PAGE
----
Our Sommelier's Picks for December
Why do we drink wine? I ask myself this question quite a bit. As we are often isolated during this pandemic, wine's role as a social connector and uniting force between groups isn't as strong. Gathering for a big Champagne toast or drinking that three-liter bottle lingering in your cellar is difficult when you can't have a large gathering. It's almost hard to remember a time we could make new friends over a glass of wine in a restaurant or at a party. But I still believe that wine can connect. It connects us via zoom calls for distant office parties. It connects us more directly to a vineyard and a vintage. This is the travel we can accomplish more easily when we're isolated: the kind that uses your nose and palate to drop you right in the middle of Vosne-Romanée during the harvest three years ago, the October morning fog blanketing the Route des Grands Crus at the bottom of the slope. It can take us to Australia in February, when red grapes are in veraison, just starting to take on color. Or to Napa Valley in springtime, with morning dew on the ground and hawks circling overhead. That's why we drink wine. That wine glass is a portal to another place and it gives us a window in, if only for a moment. We've chosen a couple of portals this month that are great examples of their regions and great ways to travel.
Jackson's Somm Picks
I adore the wines of Benjamin Leroux. They're finely crafted Burgundy–clean, bright and balanced. These are not wines that take years and years of cellaring to be ready to drink. Leroux's winemaking background was pretty stellar, after all. He shepherded the wines for years at the famed Domaine Comtes Armand, even as he was starting his own wine label. He was the first in his family, and has already been lauded for the purity and concentration of his wines. This Vosne-Romanée is a great example of Côtes de Nuits village fruit, and it carries that beautiful hard spice quality so typical to Vosne wines. These wines have a silkier finish than his Gevrey bottlings, which are also very worth your while.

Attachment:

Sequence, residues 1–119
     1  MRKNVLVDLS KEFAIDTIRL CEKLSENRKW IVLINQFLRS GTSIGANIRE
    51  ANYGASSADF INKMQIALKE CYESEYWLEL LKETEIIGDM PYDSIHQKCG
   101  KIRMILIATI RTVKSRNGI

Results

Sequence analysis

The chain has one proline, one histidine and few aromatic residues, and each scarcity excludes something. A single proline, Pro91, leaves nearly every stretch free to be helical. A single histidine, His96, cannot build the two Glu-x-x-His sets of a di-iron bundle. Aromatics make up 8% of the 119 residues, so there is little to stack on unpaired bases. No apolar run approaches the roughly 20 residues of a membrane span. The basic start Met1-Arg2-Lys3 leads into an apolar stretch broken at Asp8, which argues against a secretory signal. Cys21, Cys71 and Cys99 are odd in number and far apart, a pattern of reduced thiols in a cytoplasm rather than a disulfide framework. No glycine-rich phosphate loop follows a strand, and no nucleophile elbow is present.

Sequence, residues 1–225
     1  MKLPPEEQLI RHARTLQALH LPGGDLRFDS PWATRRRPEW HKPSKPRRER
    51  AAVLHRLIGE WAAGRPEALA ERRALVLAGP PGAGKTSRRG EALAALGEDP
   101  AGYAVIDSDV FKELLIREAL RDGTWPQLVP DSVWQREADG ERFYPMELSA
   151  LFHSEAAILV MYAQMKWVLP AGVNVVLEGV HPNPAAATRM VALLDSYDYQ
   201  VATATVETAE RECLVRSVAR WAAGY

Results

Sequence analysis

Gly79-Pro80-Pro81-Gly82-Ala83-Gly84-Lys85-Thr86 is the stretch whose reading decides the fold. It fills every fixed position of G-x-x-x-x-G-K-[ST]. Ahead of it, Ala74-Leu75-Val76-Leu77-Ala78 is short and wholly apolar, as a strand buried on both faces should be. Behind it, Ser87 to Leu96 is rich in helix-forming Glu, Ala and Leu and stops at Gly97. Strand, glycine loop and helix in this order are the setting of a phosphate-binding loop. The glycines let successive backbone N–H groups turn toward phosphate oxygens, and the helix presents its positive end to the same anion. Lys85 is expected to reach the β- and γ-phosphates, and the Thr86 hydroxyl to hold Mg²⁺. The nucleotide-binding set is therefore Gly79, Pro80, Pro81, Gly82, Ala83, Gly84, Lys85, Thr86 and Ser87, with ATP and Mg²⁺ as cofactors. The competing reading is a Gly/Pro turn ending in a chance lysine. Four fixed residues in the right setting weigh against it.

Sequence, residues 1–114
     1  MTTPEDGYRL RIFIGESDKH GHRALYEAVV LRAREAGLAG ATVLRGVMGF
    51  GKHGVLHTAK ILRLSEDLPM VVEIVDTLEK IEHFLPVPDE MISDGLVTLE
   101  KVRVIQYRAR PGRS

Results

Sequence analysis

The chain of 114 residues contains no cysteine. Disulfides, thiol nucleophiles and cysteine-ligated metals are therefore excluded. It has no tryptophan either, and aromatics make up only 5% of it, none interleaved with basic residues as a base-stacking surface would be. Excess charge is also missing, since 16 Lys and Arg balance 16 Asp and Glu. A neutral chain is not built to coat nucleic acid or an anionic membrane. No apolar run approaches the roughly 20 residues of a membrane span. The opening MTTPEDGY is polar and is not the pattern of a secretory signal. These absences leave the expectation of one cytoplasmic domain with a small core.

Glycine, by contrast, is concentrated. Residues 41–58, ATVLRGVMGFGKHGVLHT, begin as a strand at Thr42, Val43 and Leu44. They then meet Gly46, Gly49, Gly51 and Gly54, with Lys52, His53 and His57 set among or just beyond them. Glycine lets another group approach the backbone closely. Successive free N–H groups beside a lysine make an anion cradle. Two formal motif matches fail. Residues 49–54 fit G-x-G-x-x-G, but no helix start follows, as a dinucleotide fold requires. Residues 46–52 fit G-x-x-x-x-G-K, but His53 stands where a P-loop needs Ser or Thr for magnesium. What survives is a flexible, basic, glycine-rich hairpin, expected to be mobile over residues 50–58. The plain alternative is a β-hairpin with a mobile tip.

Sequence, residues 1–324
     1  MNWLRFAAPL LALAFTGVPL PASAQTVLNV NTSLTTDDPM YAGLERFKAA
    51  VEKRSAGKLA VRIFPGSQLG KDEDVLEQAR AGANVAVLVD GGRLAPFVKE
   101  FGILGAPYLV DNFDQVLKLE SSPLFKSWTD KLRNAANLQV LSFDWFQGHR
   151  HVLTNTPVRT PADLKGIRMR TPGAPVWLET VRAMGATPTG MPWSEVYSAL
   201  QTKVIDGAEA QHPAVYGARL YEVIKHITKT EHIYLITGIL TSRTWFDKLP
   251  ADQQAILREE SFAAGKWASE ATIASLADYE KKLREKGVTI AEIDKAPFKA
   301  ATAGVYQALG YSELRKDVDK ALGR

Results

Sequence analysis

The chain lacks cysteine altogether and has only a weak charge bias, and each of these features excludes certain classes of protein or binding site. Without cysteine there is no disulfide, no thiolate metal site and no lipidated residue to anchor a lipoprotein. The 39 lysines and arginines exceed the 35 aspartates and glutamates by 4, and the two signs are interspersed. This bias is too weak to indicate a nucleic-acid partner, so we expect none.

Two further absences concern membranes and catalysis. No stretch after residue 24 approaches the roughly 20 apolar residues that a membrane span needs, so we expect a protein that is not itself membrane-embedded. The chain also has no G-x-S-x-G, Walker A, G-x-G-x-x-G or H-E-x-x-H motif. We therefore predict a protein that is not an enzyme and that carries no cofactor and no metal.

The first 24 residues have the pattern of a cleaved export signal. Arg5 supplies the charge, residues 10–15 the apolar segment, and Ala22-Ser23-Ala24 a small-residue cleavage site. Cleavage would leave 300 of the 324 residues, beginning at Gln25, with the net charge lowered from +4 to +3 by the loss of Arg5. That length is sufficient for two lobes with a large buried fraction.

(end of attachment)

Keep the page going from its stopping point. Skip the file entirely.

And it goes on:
The Yarra Valley is one of the most important places in the world of wine right now, and many producers are showing just how good their wines can be against the rest of the world. The Quintet is a Bordeaux-style blend based on Cabernet Sauvignon, which is interesting considering what the Yarra Valley has mostly become known for are their Pinot Noirs and Chardonnays. It follows that this is not a big, alcoholic bruiser of a Cabernet-based wine. Instead, owing to the brisk climate in the Yarra Valley, it's an elegant and lithe wine that still brims with powerful fruit and firm tannins. Mount Mary Quintet is one of a small handful of wines that have been rated as Exceptional in Langton's Classification of Australian Wines, truly a star-studded cast. Let this special wine from Mount Mary convince you of the quality of the Yarra Valley.
Voerzio's wines are Barolo for the Barolo lovers, but most especially the impatient ones. Young Barolo is often edgy, difficult, and too wound up to enjoy properly. It can feel like licking sandpaper, what with tannin levels akin to bitter chocolate and oversteeped black tea. With wines like Voerzio's, in a vintage friendly to their style of winemaking, you can enjoy your Barolo youthful and buoyant. The 2011 was a warm and soft vintage, and this one is really nice for Voerzio. Big black cherry fruit, aromatic herbs and flowers, and a savory finish. These are exemplary Barolos with tons of concentration and texture. This one is ready to drink now.
René Rostaing is consistently one of the world's greatest Syrah producers. Having land in Côte-Rôtie is a privilege, and being a nephew of the great Marius Gentaz afforded René access to some of the best vines in the whole appellation. René's son Pierre currently produces the wines at the estate, making magical Syrah that is at once polished and sauvage. These wines have endless aromatic depth, and at five to ten years of age they really begin to showcase their quality. Black pepper, roasted meat and green olive notes jump out of the glass, enrobed in fresh black fruit.
Cain is a Napa Valley legend. Starting in 1982, they've been producing laudable, age worthy wines for decades. Like the Mount Mary blend mentioned above, the Cain Five is a Bordeaux blend based on Cabernet Sauvignon, but softened by Merlot and Cabernet Franc. It'll hold up over time and increase in aromatics and lift. These aren't the biggest sledgehammers in Napa red blends. They are finely poised between earth and fruit, and are absolutely worth checking out.
Thank you for checking out our December picks. We hope you can continue to appreciate wine as a window into a place and a time, because really that's why it's worth drinking in the first place. We here at Westgarth wish you Happy Holidays and a safe and hopeful New Year!